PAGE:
Horse News

Heroic Donkey Keeps Buddies Calm And Safe In CO Wildfire

by as published on Care2

“She pretty much takes care of the other donkey and horses…”

A take-charge donkey named Ellie is credited with saving three horses and another donkey from the wildfire burning in Fort Collins, CO after the couple boarding them was forced to evacuate.

When the flames from the latest Colorado wildfire burned into the town of Paradise Park on Saturday afternoon, the residents were told to immediately evacuate. This included Mike and Sharon Guli who run an equine boarding facility.

Before leaving, the couple put 5-year-old Ellie, four draft horses and another donkey into an open pasture.

They called Ellie’s owners, Greg and Michele Van Hare, to see if they get to the boarding facility with a trailer for the animals; but by the time they made it to the town access to the area had been closed.

Greg Van Hare told his wife and children “we’re going to trust in God” and tried to prepare them for the loss of the animals.

On Tuesday, the family got a surprise call from Mike and Sharon. Sheriff’s deputies and volunteers found five of the six animals grouped together in the same pasture where they had been left. They told the family that when help arrived, “Ellie walked right up to one of the rescuers and put her head against his chest.”

The rescuers were convinced that Ellie, a “very smart donkey” who often leads the other animals and takes charge of situations with them, had kept her buddies calm and close during the three day ordeal.

“Ellie doesn’t put up with crud,” said Van Hare while he was describing an incident Ellie had with a couple of stallions. “She put her ears back and started walking toward them. She got about 10 feet away, and the stallions turned and left.”

The last horse was also found alive, but it had wandered into a nearby pasture.

All of the animals were transported to the Larimer County Fairgrounds where they were examined by veterinarians from Colorado State University. More than 150 horses, 150 alpacas and llamas, donkeys, sheep, goats and calves have been brought to the fairgrounds this week, after being displaced by the High Park fire.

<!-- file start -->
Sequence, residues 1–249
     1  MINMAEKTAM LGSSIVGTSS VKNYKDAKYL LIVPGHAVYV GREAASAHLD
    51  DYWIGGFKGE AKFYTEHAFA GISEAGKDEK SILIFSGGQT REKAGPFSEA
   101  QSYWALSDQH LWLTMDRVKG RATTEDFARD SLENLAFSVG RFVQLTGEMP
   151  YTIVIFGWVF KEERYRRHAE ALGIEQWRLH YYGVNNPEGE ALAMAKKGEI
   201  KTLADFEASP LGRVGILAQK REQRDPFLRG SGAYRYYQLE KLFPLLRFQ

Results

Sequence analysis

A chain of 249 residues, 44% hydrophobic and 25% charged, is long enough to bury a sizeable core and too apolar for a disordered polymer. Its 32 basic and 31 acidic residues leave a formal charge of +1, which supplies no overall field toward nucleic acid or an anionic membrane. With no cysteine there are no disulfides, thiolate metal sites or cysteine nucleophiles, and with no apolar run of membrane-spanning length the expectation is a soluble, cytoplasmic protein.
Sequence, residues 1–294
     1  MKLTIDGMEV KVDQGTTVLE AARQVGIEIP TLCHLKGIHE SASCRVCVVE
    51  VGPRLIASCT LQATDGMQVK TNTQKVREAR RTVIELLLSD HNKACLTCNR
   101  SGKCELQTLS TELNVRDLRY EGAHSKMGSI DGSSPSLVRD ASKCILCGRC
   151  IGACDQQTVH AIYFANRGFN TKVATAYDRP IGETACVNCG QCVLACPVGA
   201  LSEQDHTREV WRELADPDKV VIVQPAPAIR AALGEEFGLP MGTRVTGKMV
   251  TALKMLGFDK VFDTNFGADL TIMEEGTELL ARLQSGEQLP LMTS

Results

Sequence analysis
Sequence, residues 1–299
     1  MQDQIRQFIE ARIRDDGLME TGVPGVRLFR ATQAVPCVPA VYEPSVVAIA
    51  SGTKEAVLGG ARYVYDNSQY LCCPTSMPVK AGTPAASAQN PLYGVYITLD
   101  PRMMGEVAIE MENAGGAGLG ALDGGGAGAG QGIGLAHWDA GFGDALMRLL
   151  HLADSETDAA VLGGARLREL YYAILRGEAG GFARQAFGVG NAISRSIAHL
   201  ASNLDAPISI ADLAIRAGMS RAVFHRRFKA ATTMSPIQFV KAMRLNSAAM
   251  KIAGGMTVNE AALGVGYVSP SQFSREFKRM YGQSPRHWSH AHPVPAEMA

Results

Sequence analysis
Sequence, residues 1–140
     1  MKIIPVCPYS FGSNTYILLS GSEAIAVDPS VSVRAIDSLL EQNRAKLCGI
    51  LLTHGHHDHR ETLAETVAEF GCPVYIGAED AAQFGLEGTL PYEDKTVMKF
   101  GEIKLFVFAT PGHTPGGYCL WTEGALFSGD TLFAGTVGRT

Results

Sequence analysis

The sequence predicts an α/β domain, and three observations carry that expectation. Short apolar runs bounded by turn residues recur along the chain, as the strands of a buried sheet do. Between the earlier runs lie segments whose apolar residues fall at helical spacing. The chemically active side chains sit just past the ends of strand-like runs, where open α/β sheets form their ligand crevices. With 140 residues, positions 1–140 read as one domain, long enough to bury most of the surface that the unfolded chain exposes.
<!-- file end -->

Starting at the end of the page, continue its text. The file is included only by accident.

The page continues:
Overall the horses and donkeys in Ellie’s care, weathered the fire without any serious injuries. Ellie’s nose and coat were singed by the flames, but didn’t need any treatment. The tails of the four horses had curled from the extreme heat.

Veterinarian Brian Miller explained Ellie’s heroic actions to keep her friends safe as pure instinct. Mike Guli said it was more than that.

“Over the years, I’ve seen her do such amazing things. She pretty much takes care of the other donkey and horses. She’s in charge,” said Guli.

Ellie and her companions are now safe on the Van Hare ranch.

10 replies »

  1. We have so much to learn from all the animals, they are departmental to all of us, we are appointed care takers and they even help us there. lives most precious moments are shared with them…… Just think about it for a moment???? Isnt it a shame that not all of us have the ability to experience this absolutely wonderful……joyful feeling !!!!! beautiful meaningful changes in our lives occur daily with them………………………… It is said stop and smell the roses, I say stop and love the animals !!!!

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  2. This story beautifully illustrates why so many of us are willing and committed to do whatever it takes to protect these noble, courageous, servants and partners of man.

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  3. This story is a good feeling, BUT…..

    The equines they board have some brains.

    The humans that own and care for them have some brains.

    Ellie is an asset, but when fire hits, God only knows what can happen. (Did the pasture burn? The facilities burn down? The roads were closed but the humans got out? Hmmmmmm….)

    Given the proper human involvement, equines are spectacular at survival….wild or domestic equines.

    Whatever, they made it and had an opportunity to make their own decisions.

    Burros, mules and horses still continue to amaze the ignorant human race.

    I’m not dis’n this event. It is good news. I’m realistic and understand all the parts of events.

    Congratulations to the survivors.

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  4. What a wonderful ending to what could have been a real tragedy. Animals are smarter than many people give them credit for, in my opinion. They’re incredible creatures and it’s up to the human race to protect them from harm.

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  5. So the humans left it in god’s hands. So glad the equines and other animals made it alive with only a bit of tail being singed.

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  6. Horse Owners Urged to Prepare for Active Wildfire Season